The real reason Putin is stepping up pressure in Belarus-and how it'll affect British Army

It follows US warnings that Russian premier Vladimir Putin may be seeking to use the current destabilisation of Belarus as a pretext to permanently amass Russian forces just 30 miles from Nato’s borders. Diplomatic tensions have reached fever pitch following the migrant crisis between Belarus and its western neighbour Poland – which, although engineered by Belarus ­dictator Alexander Lukashenko, is said to have the backing of Moscow.

In a high-level briefing to the Foreign Office, US intelligence chiefs have warned that Putin aims to capitalise on Belarus’ geography by placing conventional forces within striking distance of Nato members Latvia, Lithuania, and Poland, and Ukraine, which is not yet a member.

In order to do this while maintaining deniability, however, he must await an invitation from Lukashenko, with intelligence sources predicting that the Russian premier is willing to wait as long as 12 months as he helps to raise tensions further. Currently, Nato has four multinational battlegroups in Estonia, Latvia, Lithuania and Poland – led by the UK, Canada, Germany and the US – amounting to some 5,000 troops.

Established in 2016, two years after Russia’s annexation of Ukraine, the role of these combat-ready battlegroups is to ­provide an “enhanced presence”, enabling Nato to react more quickly to any future Russian land-grabs.

But the placing of Russian troops on Nato’s northern border would dramatically alter the balance of power, warned Slaw­­omir Debski, director of the Polish Institute of International Affairs, last night.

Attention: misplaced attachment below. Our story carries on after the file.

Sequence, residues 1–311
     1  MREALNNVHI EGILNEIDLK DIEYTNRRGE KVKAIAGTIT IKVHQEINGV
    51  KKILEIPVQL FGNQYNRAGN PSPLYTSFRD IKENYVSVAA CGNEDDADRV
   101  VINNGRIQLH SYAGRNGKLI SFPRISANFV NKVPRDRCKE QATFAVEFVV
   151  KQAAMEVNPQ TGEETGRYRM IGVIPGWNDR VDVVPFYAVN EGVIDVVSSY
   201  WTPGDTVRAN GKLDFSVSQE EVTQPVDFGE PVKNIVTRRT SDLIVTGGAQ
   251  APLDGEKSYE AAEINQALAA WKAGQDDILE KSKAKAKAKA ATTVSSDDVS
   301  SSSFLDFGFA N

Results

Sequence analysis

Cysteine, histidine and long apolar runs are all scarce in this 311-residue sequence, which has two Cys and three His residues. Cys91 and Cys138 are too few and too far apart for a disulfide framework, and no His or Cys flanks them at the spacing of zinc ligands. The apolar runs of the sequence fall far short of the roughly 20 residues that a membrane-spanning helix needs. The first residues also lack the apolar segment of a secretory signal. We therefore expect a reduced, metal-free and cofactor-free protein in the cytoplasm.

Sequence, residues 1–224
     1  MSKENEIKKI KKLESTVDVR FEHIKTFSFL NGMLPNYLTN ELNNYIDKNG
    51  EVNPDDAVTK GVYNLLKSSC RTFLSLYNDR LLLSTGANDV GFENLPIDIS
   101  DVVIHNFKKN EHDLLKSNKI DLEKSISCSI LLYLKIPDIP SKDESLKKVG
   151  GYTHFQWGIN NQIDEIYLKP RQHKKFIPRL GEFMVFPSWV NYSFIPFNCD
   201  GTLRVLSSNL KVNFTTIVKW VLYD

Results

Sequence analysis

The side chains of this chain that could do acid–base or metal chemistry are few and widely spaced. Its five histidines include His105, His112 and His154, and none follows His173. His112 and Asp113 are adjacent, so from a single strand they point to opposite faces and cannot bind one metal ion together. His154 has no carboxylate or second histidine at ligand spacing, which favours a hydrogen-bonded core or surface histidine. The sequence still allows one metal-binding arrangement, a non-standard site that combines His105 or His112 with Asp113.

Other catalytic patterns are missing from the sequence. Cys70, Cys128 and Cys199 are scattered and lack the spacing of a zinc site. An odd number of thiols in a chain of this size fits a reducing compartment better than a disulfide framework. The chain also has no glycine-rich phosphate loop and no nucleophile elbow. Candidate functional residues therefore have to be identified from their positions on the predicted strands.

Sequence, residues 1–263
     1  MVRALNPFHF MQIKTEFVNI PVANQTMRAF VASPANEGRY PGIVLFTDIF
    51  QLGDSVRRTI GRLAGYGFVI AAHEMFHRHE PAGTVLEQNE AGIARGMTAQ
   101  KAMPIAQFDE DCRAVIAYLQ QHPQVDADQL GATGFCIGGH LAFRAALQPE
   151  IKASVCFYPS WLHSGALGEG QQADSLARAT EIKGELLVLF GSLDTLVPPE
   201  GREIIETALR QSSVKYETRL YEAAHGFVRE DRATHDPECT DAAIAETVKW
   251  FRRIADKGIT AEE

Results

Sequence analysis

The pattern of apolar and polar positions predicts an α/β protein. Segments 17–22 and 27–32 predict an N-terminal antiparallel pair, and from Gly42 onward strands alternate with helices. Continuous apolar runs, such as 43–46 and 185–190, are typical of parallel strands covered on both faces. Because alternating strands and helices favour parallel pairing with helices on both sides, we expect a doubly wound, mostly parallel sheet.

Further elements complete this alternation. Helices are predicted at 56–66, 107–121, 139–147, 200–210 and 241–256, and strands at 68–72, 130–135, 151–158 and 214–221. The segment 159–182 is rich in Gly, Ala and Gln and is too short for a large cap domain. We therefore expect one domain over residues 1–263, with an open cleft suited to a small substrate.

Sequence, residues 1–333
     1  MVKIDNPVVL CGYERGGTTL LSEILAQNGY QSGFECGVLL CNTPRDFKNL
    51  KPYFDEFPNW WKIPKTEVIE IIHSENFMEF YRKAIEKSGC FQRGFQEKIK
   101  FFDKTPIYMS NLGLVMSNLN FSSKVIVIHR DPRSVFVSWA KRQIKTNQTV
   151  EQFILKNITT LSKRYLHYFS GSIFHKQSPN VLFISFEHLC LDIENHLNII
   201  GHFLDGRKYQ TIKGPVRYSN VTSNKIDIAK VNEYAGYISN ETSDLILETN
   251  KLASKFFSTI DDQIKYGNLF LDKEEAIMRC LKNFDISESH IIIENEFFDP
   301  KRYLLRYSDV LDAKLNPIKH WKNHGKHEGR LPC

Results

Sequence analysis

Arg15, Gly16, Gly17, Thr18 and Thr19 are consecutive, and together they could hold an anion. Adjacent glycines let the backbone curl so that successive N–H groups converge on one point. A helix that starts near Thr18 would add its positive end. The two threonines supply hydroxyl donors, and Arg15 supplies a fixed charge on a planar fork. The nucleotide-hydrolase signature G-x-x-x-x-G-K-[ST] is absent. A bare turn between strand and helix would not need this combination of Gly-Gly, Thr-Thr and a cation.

He said: “It is entirely plausible that Putin may be using this new upheaval as a pretext to enhance Russia’s military presence in Belarus.

“What we would see is a dramatic shortening of Russia’s action window, and Nato’s reaction window. Russia would no longer be 375 miles from Nato’s borders but just 60 miles, or even 30.

“This would certainly mean more Nato troops would be required in the Baltic – and even Poland – to counterbalance the time needed for Nato to react.”

In a keynote speech on Thursday, Putin warned that the West is taking Russia’s warnings not to cross its “red lines”too lightly. He said that Russia needed to seek ­long-term guarantees of its security from the West, causing speculation that he is placing hopes in Germany’s new, post-Merkel government, to take a “clean slate” approach.

While Belarus already enjoys a common defence pact with Russia, moves by the increasingly isolated Lukashenko to forge deeper economic and military links with Putin have been causing increasing concern for Nato.

However, helping to engineer an invitation to provide troops to aid an increasingly beleaguered Belarus would avoid this, and allow Russia to claim that it was acting in the interest of regional defence. “Putin wants to renegotiate the entire landscape when it comes to Russian ­security in Europe – he wants a new deal with the US and Germany,” said Debski.

“He is collecting bargaining chips with the hope that he’ll be given a clean slate.”

Viktorija Starych-Samuoliene, of the UK Council on Geostrategy think-tank, said: “Putin wants an invitation from ­Luka­­shenko to base Russian troops in Belarus. Whether this became a permanent thing would depend on events.

She added: “But such a scenario would dramatically alter the geopolitical landscape – and not in Nato’s favour.”

Meanwhile, the number of migrants trying to force their way into Poland from Belarus fell again on Friday.

The Polish Border Guard said there were 195 attempts on Friday, down from 250 on Thursday and 501 the day before.

It follows the removal of 2,000 migrants from a makeshift camp at the border to a nearby warehouse complex.